The Unchastened Woman (Silent): Modest housewife Caroline Knollys discovers that she is pregnant. Rushing to tell her husband Hubert, she finds him in the arms of a younger woman. Determined to one day have revenge, she escapes to Europe. Despite having the baby, she transforms herself from housewife to vamp, becoming the most-talked about woman in Venice. Returning to America, she uses the child to blackmail her husband and his mistress. But Caroline finds that her love for Hubert was not as dormant as she thought, and instead decides to use her newly-won confidence to reunite the family. The Unchastened Woman is one of only three surviving films starring Theda Bara, the silver screen's first sex symbol. She made more than 40 films between 1914 and 1926, but most were destroyed by the 1937 fire that struck the 20th Century Fox storage facility in Little Ferry, New Jersey (The other two surviving Bara films are A Fool There Was from 1915 and East Lynne from 1916). Nicknamed ""The Vamp"" for her femme fatale roles that inevitably brought male characters to ruin, the exotic-looking Bara was said to be born in the Sahara to an Arab sheik. In actuality, she was born to a Polish family in Cincinnati, Ohio. Regardless, publicists enjoyed emphasizing that her name was an anagram of ""Arab death"". Eventually tiring of the vamp image, she let her contract with Fox expire in 1919. Without studio support, Bara's career suffered and she did not make another film until small startup company Chadwick Pictures signed her to star in The Unchastened Woman. Not proving to be the comeback she wished for, Bara never starred in another feature, retiring to her former home in Cincinnati.


Salome (Silent)

Review An erotic and highly-stylized retelling of Salome's request for the head of John the Baptist.
Free To Love (Silent)

Review Better known as The rotund half of the classic comedy duo Laurel and Hardy, Oliver Hardy had an early career as a solo silent comic, often as a "heavy" in supporting roles. This collection of eight films reveals the evolution of Hardy's comic mastery as well as showcasing many lesser-known stars of the slapstick era.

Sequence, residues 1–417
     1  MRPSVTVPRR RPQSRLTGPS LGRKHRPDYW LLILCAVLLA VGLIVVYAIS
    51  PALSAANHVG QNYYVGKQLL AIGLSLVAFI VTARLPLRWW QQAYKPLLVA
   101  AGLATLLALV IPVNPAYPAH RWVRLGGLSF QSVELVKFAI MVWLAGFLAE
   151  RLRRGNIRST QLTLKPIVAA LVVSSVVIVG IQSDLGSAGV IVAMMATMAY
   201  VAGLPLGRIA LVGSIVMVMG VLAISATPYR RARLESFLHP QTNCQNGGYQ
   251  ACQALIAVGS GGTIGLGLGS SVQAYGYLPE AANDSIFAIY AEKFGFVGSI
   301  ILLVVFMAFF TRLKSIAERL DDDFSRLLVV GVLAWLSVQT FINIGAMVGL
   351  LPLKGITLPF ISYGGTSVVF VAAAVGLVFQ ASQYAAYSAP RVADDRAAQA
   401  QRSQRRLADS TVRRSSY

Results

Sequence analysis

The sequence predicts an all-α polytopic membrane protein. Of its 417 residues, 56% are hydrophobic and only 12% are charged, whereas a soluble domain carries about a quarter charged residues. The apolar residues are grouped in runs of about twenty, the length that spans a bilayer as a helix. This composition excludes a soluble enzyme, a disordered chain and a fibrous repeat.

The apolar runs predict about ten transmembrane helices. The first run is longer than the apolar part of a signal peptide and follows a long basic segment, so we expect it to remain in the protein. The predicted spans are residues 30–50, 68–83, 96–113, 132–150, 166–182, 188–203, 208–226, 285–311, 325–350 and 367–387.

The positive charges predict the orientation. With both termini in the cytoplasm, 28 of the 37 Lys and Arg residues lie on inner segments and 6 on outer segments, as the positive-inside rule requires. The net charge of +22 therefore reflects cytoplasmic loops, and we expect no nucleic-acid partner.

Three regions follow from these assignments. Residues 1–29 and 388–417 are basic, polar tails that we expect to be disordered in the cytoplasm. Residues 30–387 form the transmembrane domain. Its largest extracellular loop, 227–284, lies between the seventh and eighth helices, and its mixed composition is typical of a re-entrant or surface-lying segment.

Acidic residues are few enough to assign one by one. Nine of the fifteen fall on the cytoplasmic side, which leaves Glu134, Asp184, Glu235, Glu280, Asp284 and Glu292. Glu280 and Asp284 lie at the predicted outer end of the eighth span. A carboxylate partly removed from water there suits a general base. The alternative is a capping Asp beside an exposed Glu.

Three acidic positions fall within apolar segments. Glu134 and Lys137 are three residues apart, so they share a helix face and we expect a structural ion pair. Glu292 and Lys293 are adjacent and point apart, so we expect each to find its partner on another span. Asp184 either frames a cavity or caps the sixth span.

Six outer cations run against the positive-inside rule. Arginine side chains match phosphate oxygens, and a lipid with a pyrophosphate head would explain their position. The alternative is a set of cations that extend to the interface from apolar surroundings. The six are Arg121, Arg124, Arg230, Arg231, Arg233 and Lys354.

The Trespasser (1929)

Review "East Lynne" is a crime drama starring Theda Bara, Ben Deeley, Stuart Holmes, Claire Whitney, William H. Tooker and others. The film is based on the Victorian novel by Ellen Wood, famous for its sensational story lines. "East Lynne" is the earliest surviving film with Theda Bara in a starring role. By the standards of the average silent film "East Lynne" has acceptable quality and is perfectly watchable. The movie is accompanied by quality music that greatly enhances the viewing experience. The DVD comes in a slim jewel case and has the cover art exactly as you see it on the photo. We value your five-star feedback and will do all we can to earn it. Please contact us if you are not completely satisfied so that we can correct any problem. IMPORTANT CONDITION DISCLOSURES: Because most of the films in our Collection survive in single copies which have not been restored, some have nitrate damage and some are missing scenes. We try to describe the film print condition as accurately as possible. Furthermore, to give potential buyers the best opportunity of making as informed decision as possible we show a few screen grabs from the actual movie. Because of the nature of the items we do not offer returns. Please read the description and look at the screen grabs carefully before buying. If you have any questions please don't hesitate to ask. If the DVD is defective we will replace it free of charge. We have listed 120 rare high-quality silent film gems on this website. Please make sure to check the other items in our Collection. PLEASE NOTE: We offer 2 PROMOTIONS 1/ B4G1F Buy 4 DVDs get 1 DVD extra absolutely free. 2/ B10G3F Buy 10 DVDs get 3 DVDs extra absolutely free. How to claim the free DVD(s): when you complete your purchase, please send us an email with your choice for the free film(s).
Beauty's Worth (1922) starring Marion Davies